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Newspaper Spotlights Dave Sturges '63 and His Dedication to Public Service

Newspaper Spotlights Dave Sturges '63 and His Dedication to Public Service

April 22, 2015

"From his first job delivering telegrams by bicycle as a teenager in Michigan to his current retirement gig delivering prescription drugs to senior citizens, to countless volunteer efforts in-between, Dave Sturges has dedicated his life to serving others," begins a profile in the Post Independent of Glenwood Springs, Colorado. A 1963 graduate of DePauw University, Sturges recently stepped down from the Glenwood Springs City Council after serving two terms.

"I’ve had the privilege of working in federal, state and local government, and a long period in private practice law for corporations," Sturges says. "But the real heart of my work has always been in the nonprofit public service area."

The text notes, "After graduating from DePauw University in Indiana and earning his law degree from the University of Michigan in 1966, he worked for a time with the legal staff for the Chicago and Northwestern Railroad. While there, a college friend of his introduced him to the newly elected Gov. (Richard) Ogilvie, who hired Sturges to join his legal staff. He served for four years as assistant legal counsel to Ogilvie, specializing in criminal justice matters such as extraditions, paroles and pardons."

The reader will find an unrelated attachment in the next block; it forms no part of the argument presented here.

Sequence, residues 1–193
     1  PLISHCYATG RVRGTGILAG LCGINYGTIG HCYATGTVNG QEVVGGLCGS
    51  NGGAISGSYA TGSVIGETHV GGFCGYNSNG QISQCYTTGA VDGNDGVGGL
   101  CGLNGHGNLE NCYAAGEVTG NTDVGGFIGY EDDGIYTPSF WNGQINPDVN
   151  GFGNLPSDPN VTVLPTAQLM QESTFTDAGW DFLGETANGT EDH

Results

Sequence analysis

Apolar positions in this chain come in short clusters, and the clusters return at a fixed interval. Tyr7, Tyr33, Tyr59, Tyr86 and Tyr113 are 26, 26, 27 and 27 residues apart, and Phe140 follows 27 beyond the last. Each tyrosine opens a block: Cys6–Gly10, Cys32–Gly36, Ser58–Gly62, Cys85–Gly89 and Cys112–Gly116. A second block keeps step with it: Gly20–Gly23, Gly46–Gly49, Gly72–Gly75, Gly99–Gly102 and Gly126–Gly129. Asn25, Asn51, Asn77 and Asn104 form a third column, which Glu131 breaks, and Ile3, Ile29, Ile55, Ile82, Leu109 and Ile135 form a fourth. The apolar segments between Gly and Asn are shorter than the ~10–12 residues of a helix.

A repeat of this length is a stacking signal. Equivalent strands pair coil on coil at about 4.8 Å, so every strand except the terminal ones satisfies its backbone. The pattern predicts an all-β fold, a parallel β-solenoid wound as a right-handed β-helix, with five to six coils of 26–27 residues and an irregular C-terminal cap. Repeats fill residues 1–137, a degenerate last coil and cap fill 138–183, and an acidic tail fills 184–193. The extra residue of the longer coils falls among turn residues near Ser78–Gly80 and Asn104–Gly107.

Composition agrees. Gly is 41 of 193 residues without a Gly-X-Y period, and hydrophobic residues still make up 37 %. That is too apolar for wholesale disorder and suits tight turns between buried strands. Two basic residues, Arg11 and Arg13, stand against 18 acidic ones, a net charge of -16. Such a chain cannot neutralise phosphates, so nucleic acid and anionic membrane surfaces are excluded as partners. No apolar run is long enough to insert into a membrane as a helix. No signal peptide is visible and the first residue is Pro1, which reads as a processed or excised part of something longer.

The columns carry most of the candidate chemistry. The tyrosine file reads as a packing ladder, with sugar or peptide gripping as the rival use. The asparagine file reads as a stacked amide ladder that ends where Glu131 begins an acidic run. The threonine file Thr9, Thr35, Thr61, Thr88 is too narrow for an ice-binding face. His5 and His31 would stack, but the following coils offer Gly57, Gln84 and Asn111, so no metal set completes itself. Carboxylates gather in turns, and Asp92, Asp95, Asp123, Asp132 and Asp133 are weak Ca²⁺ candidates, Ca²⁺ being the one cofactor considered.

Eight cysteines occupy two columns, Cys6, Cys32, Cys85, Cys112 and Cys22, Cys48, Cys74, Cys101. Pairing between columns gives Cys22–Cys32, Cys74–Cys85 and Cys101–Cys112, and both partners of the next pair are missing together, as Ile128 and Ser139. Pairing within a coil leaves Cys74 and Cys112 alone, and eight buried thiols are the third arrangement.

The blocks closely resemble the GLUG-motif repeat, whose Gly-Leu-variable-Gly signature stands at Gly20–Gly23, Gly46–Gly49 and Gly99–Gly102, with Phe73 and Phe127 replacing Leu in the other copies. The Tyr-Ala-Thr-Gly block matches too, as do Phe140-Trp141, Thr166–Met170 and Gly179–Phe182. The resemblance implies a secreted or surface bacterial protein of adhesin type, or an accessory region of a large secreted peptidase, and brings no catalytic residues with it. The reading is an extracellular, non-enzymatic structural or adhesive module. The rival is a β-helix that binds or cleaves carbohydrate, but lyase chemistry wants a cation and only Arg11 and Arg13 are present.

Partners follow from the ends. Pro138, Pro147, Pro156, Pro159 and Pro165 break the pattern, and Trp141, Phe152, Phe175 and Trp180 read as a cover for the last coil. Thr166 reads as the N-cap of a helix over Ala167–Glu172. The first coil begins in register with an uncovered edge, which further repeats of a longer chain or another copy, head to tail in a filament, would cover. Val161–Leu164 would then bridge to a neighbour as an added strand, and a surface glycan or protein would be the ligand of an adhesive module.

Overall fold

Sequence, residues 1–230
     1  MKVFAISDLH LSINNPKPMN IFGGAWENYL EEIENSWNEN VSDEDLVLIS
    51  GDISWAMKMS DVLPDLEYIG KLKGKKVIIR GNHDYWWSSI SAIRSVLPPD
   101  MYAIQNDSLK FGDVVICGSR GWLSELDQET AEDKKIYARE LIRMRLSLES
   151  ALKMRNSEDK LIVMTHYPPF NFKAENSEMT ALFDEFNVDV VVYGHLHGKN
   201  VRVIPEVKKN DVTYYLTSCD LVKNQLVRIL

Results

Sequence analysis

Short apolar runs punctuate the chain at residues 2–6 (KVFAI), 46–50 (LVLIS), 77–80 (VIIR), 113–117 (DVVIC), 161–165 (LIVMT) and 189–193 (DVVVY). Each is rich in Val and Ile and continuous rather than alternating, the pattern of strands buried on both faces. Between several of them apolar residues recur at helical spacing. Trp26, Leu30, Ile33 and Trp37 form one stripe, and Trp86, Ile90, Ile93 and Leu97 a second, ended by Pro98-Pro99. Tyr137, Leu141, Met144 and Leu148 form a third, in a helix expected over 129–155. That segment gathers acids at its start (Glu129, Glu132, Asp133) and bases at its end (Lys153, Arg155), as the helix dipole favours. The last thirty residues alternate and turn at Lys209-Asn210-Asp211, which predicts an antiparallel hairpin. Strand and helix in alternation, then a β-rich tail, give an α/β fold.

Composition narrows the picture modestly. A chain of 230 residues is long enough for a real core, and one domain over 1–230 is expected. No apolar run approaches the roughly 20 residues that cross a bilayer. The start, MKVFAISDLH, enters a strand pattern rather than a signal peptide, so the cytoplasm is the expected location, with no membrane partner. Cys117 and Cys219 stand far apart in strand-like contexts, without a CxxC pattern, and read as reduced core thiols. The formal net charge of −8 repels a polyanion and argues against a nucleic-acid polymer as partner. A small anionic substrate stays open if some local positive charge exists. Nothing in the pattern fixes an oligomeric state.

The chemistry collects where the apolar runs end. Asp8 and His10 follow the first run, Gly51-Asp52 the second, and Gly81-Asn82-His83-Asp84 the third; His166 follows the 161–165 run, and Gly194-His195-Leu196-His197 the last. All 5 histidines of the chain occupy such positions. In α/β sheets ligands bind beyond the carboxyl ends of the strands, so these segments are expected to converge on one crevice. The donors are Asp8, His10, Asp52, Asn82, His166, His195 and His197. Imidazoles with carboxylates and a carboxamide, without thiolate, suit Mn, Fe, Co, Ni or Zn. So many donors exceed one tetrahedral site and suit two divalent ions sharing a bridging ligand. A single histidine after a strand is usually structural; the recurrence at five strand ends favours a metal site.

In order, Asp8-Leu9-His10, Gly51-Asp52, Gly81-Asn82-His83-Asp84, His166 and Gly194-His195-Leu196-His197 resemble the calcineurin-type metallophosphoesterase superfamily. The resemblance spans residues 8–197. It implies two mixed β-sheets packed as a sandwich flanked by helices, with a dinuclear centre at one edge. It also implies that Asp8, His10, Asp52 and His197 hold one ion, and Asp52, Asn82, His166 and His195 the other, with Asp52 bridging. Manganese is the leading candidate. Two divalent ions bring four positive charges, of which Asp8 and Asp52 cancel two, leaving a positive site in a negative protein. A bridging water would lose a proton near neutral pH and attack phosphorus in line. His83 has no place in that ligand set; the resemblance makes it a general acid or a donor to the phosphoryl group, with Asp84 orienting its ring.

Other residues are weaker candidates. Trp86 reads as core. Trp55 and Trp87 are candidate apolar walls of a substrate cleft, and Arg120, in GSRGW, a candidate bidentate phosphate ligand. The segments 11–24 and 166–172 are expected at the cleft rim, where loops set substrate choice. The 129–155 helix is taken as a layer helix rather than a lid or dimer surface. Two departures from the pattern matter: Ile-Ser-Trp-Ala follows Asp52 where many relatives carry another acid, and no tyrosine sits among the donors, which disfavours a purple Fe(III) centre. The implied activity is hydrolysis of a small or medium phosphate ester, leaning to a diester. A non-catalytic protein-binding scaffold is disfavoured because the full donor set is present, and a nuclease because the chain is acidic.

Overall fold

East College shade xzSturges stayed on to work for Ogilvie's successor, Dan Walker, and went on to posts with the Federal Energy Administration, U.S. Attorney General’s Office, Peabody Coal and the Delaney and Balcomb law firm. 

"In addition to his volunteer work in community corrections and with several local nonprofit organizations, Sturges took an interest in local transportation and land-use issues. He was one of the first members appointed to the city of Glenwood Springs’ newly formed Transportation Commission in the 1990s, and later was appointed to serve on the city’s Planning and Zoning Commission. At the state level, he was appointed to the Colorado Natural Areas Council and later served for four years on the Water Quality Control Commission under former Colorado Gov. Roy Romer. He ended up being the swing vote that led to the defeat of the Two Forks dam project."

You'll find the complete article -- headlined "'Service' could be Dave Sturges' middle name" -- at the newspaper's website.